This weekend, thousands of environmental protesters will rally to block the oil flowing to refineries near Anacortes, Washington. But some worry the event may also block the Salish Sea’s largest colony of great blue herons from feeding their young.
More than 2,000 people are expected at March Point, marching, camping in tents and floating in kayaks. Hundreds will risk arrest to “break free” from fossil fuels and fight climate change. It's the last in a series of events around the world this month that include blocking the largest coal terminal in Australia and shutting down the largest open cask coal mine in the United Kingdom.
Ann Eissinger, a biologist who studies herons, says the cause may be noble, but the timing and location of this weekend's protest are terrible for around 1,700 adult herons that breed at March Point. Right now, the herons are foraging to feed the babies in their nests.
"They're in the middle of their nesting cycle," she said. “In some areas, we have as many as 500 to 700 herons feeding at one time. So these are highly sensitive areas and the food is so important for the young.”
Eissinger said all those protesters on land and "kayaktivists" in the water – together with news and police helicopters flying above – could do real damage. They could flush the birds off the water and prevent them from foraging, injure the birds and even blow their nests out of the trees.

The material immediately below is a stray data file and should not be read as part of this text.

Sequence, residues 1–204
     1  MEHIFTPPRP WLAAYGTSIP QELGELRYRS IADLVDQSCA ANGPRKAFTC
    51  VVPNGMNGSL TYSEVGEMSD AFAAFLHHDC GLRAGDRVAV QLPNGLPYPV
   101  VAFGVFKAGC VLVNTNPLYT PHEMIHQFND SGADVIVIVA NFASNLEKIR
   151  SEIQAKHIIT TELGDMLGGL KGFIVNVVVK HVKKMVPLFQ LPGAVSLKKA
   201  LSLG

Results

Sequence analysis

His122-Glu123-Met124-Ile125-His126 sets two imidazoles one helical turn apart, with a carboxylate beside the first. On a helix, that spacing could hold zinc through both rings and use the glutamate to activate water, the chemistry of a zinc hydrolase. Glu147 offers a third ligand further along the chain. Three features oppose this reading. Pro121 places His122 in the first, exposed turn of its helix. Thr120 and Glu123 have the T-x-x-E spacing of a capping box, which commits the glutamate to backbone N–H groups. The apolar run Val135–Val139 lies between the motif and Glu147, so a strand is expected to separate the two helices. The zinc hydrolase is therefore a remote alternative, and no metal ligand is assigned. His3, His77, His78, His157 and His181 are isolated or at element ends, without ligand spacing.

"I've had to pick up after helicopters, and it's no fun," she said. "I wish there had been some consultation prior to the organization of the action."
Eissinger drew up a map and guidelines for the event organizers, highlighting sensitive areas to avoid on the ground, in the air and on the water. She said her concerns were met with "a very positive response."
Ahmed Gaya is a spokesman for the "Break Free" event, which is being organized by a number of climate activist groups around the Northwest. He said organizers have adjusted their plans using the maps Eissinger made to minimize the impact on herons.
"We've moved the location of the march so it avoided critical habitat," he said. "We have modified when and where and how many kayakers will be in the bay to avoid paddling at sensitive times and around sensitive habitats. We've had extensive discussions with law enforcement and news media about how they cover that event and which areas to avoid."
He contended that the nearby Shell and Tesoro oil refineries ultimately pose a much bigger threat to the birds. Shell has proposed an expansion at its Anacortes plant that would increase oil train traffic through the area.
"That's much more substantial than anything we can do in a weekend," Gaya said.